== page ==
We also caught the tail end of the museum’s annual juried exhibition, featuring artists from all over the state. We spotted many familiar Columbus faces, from Lisa McLymont and Cat Sheridan to Adam Brouillette and Kate Morgan.

After the museum, we wanted to get in on a little fall fun, so we did a quick Google search and found Pendleton’s Produce within a few miles. We strolled around, celebrating autumn’s bounty and picking out a few pumpkins and “weird things.”

Then it was back to the Inn to relax for a couple hours, before venturing out later to Mother Stewart’s Brewing.

Tucked into an old factory downtown, Mother Stewart’s features a spacious taproom and large courtyard, perfect for socially distanced beers. On the way in, we stopped by Station 1 to pick up a couple pizzas, including a pepperoni and the Skyline Chili: chili, brown mustard, cheese, onion, cut-up hotdogs. It tasted exactly like you’d expect. And it paired well with an IPA and a Whiskey River amber ale aged in Buffalo Trace barrels.

The next morning we checked out of the Simon Kenton Inn and drove back into downtown, starting first with cappuccinos and mochas at Winans Chocolates + Coffees. Winans has multiple locations across the state, and this cute little shop in downtown Springfield is one of their newer spots.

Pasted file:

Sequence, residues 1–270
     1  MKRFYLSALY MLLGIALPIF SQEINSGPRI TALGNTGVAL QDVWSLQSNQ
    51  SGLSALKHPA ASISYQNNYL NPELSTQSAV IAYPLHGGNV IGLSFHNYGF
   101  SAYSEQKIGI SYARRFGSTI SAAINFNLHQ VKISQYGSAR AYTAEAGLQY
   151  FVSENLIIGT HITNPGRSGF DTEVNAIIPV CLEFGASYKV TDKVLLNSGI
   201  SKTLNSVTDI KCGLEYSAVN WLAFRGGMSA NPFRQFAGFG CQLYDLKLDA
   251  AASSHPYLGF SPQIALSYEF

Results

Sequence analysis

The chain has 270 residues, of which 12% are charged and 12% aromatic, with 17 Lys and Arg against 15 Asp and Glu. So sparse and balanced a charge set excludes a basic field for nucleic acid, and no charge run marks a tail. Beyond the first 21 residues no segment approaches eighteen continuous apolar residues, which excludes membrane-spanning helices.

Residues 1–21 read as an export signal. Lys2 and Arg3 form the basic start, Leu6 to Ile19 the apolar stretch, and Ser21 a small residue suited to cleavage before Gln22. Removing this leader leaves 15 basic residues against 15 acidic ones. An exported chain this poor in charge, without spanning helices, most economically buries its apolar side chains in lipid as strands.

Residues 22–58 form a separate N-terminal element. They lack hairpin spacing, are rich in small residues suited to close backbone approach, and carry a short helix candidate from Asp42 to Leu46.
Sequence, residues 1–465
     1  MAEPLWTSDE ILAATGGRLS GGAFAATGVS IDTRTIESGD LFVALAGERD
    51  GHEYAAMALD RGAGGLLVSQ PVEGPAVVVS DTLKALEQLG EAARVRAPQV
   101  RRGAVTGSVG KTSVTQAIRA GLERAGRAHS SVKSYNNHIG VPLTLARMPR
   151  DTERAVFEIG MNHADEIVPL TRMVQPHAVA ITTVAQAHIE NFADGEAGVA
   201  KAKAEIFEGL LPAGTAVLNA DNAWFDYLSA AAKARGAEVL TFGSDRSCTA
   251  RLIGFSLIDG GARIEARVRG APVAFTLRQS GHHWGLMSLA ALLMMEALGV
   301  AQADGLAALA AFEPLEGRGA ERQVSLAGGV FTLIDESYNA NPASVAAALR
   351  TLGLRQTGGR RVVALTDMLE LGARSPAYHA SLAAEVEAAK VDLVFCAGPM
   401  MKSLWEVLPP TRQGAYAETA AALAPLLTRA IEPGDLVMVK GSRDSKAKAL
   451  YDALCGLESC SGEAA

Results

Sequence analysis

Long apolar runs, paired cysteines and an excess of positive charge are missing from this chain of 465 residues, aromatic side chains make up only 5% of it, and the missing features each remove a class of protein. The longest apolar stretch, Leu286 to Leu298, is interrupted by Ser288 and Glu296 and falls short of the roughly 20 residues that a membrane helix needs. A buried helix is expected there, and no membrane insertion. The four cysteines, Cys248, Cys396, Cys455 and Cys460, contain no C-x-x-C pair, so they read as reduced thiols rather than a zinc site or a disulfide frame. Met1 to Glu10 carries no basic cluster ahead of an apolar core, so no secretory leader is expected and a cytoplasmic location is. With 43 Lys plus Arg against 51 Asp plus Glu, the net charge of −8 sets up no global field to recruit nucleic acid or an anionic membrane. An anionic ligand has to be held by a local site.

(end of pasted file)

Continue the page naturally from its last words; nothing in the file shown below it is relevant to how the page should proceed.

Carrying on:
And then it was time for “breakfast” at a Springfield institution: Schuler’s Bakery. We hit up their original location on Main Street downtown. You can more about it here.

But there was still time for one more curiosity on the way out of town: the Hartman Rock Garden. It’s one of those unusual finds, a hidden gem for travelers.

What is it? It’s a home, tucked inconspicuously into a Springfield neighborhood, with a backyard chock full of rock creations. The original owner Ben Hartman created it all between 1932 and 1944 using found materials. It’s now run by a non-profit, and is free to visit.

I mean, you just have to see it to understand it. Almost every square inch of the yard is filled with rock structures: houses, fountains, castles, statues, figures. If I’m being honest, it feels a little creepy, especially while visiting what feels like someone’s backyard.

But it certainly made a fascinating and fun finish to an adventurous weekend. Thanks to Greater Springfield for hosting us! We can’t wait to come back.

Disclaimer: this trip was hosted by Greater Springfield. Accommodations, food (except alcohol), and admission were complimentary. Photos and opinions are our own.

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I go by Dr. Breakfast, but in addition to restaurants and recipes, I write about family travel, breweries and distilleries, the arts, outdoor fun, and so much more.